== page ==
• Donatelle RJ, Hudson D, Dobie S, Goodall A, Hunsberger M, Oswald K. Incentives in smoking cessation: Status of the field and implications for research and practice with pregnant smokers. Nicotine & Tobacco Research. 2004;6(S2):S163–S179. [PubMed]
  • Emerson JA, Hovell MF, Meltzer SB, Zakarian JM, Hofstetter CR, Wahlgren DR, et al. The accuracy of environmental tobacco smoke exposure measures among asthmatic children. Journal of Clinical Epidemiology. 1995;48:1251–1259. [PubMed]
  • Emmons KM, Hammond SK, Fava JL, Velicer WF, Evans JL, Monroe AD. A randomized trial to reduce passive smoke exposure in low-income households with young children. Pediatrics. 2001;108:18–24. [PubMed]
  • Eriksen W. Do people who were passive smokers during childhood have increased risk of long-term work disability? European Journal of Public Health. 2004;14:296–300. [PubMed]
  • Erikson W, Sorum K, Bruusgaard D. Effects of information on smoking behavior in families with preschool children. Acta Paediatrica. 1996;85:209–212. [PubMed]
  • Fiore M, Smith S, Jorenby D, Baker T. The effectiveness of the nicotine patch for smoking cessation: A meta-analysis. Journal of the American Medical Association. 1994;271:1940–1947. [PubMed]
  • Gehrman CA, Hovell MF. Protecting children from environmental tobacco smoke (ETS) exposure: A critical review. Nicotine & Tobacco Research. 2003;5:289–301. [PubMed]
  • Greenberg RA, Strecher VJ, Bauman KE, Boat BW, Fowler MG, Keyes LL, et al. Evaluation of a home-based intervention program to reduce infant passive smoking and lower respiratory illness. Journal of Behavioral Medicine. 1994;17:273–290. [PubMed]
  • Houston TK, Person SD, Pletcher MJ, Liu K, Irabarren C, Kiefe CI. Active and passive smoking and development of glucose intolerance among young adults in a prospective cohort: CARDIA study. British Medical Journal. 2006;332:1064–1069. [PMC free article] [PubMed]
  • Hovell MF, Meltzer SB, Wahlgren DR, Matt GE, Hofstetter CR, Jones JA, et al. Asthma management and environmental tobacco smoke exposure reduction in Latino children: A controlled trial. Pediatrics. 2002;110:946–956. [PubMed]
  • Hovell MF, Meltzer SB, Zakarian JM, Wahlgren DR, Emerson JA, Hofstetter CR, et al. Reduction of environmental tobacco smoke exposure among asthmatic children: A controlled trial [published erratum appears in Chest 1995;107:480] Chest. 1994;106:440–446. [PubMed]
  • Hovell MF, Wahlgren DR, Adams MA. The logical and empirical basis for the Behavioral Ecological Model. In: DiClemente RJ, Crosby RA, Kegler M, editors. Emerging theories and models in health promotion research and practice. Strategies for enhancing public health. 2nd ed., pp. 415–449. San Francisco: Jossey-Bass; 2009.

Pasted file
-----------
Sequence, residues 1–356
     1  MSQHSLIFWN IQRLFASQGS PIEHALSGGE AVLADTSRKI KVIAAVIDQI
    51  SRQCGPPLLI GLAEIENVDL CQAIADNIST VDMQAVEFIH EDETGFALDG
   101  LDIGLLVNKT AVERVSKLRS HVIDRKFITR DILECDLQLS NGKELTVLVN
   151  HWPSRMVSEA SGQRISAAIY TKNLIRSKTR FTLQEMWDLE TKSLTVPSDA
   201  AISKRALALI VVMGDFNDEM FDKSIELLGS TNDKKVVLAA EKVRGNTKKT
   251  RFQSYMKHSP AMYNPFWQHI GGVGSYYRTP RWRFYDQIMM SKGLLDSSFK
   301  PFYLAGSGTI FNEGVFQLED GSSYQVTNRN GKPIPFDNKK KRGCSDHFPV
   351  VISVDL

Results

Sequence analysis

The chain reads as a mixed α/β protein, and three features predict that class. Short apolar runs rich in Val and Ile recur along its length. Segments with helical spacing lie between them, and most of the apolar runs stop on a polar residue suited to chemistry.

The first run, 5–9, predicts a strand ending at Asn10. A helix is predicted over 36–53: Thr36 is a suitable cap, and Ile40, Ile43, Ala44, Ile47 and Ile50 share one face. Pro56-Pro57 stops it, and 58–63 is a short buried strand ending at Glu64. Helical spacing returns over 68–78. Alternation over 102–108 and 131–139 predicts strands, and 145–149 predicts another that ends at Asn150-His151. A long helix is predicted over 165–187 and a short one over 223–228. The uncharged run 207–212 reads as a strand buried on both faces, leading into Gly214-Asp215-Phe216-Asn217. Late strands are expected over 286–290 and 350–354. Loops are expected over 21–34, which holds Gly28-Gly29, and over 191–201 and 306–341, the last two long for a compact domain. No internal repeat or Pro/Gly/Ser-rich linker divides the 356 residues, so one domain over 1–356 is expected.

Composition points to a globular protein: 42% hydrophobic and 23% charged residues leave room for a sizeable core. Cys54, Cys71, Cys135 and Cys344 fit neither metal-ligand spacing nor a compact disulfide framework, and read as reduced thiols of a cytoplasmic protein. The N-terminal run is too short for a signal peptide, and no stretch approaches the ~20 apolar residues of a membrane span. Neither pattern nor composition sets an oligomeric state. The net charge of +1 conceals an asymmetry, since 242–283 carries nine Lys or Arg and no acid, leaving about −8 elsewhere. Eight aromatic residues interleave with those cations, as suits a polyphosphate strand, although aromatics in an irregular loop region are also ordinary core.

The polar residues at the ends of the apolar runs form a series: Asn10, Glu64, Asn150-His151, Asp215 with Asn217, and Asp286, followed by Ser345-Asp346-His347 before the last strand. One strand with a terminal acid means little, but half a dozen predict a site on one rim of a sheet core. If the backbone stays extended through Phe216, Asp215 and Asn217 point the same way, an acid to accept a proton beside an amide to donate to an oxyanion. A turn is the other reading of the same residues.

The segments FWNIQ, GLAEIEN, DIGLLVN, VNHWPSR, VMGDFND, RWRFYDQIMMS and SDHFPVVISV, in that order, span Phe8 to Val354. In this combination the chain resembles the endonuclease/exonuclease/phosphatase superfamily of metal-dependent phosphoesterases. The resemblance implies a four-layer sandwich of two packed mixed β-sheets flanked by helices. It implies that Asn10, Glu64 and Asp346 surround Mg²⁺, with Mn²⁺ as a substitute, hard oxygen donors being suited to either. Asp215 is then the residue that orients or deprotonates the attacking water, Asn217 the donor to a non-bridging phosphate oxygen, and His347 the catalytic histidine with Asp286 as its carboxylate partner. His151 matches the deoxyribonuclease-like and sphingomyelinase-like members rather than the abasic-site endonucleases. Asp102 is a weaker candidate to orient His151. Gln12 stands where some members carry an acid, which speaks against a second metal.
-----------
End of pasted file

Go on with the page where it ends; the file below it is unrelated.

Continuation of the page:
• Hovell MF, Wahlgren DR, Gehrman CA. The Behavioral Ecological Model: Integrating public health and behavioral science. In: DiClemente RJ, Crosby R, Kegler M, editors. New and emerging models and theories in health promotion and health education. San Francisco: Jossey-Bass Inc; 2002. pp. 47–385.
  • Hovell MF, Zakarian JM, Matt GE, Hofstetter CR, Bernert JT, Pirkle J. Effect of counseling mothers on their children’s exposure to environmental tobacco smoke: Randomized controlled trial. British Medical Journal. 2000;321:337–342. [PMC free article] [PubMed]
  • Irvin JE, Brandon TH. The increasing recalcitrance of smokers in clinical trials. Nicotine & Tobacco Research. 2000;2:79–84. [PubMed]
  • Irvine L, Crombie I, Clark R, Slane P, Feyerabend C, Goodman K, et al. Advising parents of asthmatic children on passive smoking: Randomized controlled trial. British Medical Journal. 1999;318:1456–1459. [PMC free article] [PubMed]
  • Iscan A, Uyanik BS, Vurgun N, Ece A, Yigitoglu MR. Effects of passive exposure to tobacco, socioeconomic status and a family history of essential hypertension on lipid profiles in children. Japanese Heart Journal. 1996;37:917–923. [PubMed]
  • Jacob P, III, Hatsukami D, Severson H, Hall S, Yu L, Benowitz NL. Anabasine and anatabine as biomarkers for tobacco use during nicotine replacement therapy. Cancer Epidemiology, Biomarkers & Prevention. 2002;II:1668–1673. [PubMed]
  • Jacob P, III, Yu L, Liang G, Shulgin AT, Benowitz NL. Gas chromatographic-mass spectrometric method for determination of anabasine, anatabine and other tobacco alkaloids in urine of smokers and smokeless tobacco users. Journal of Chromatography. 1993;619:49–61. [PubMed]
  • Johansson AK, Hermansson G, Ludvigsson J. How should parents protect their children from environmental tobacco-smoke exposure in the home? Pediatrics. 2004;113:e291–e295. [PubMed]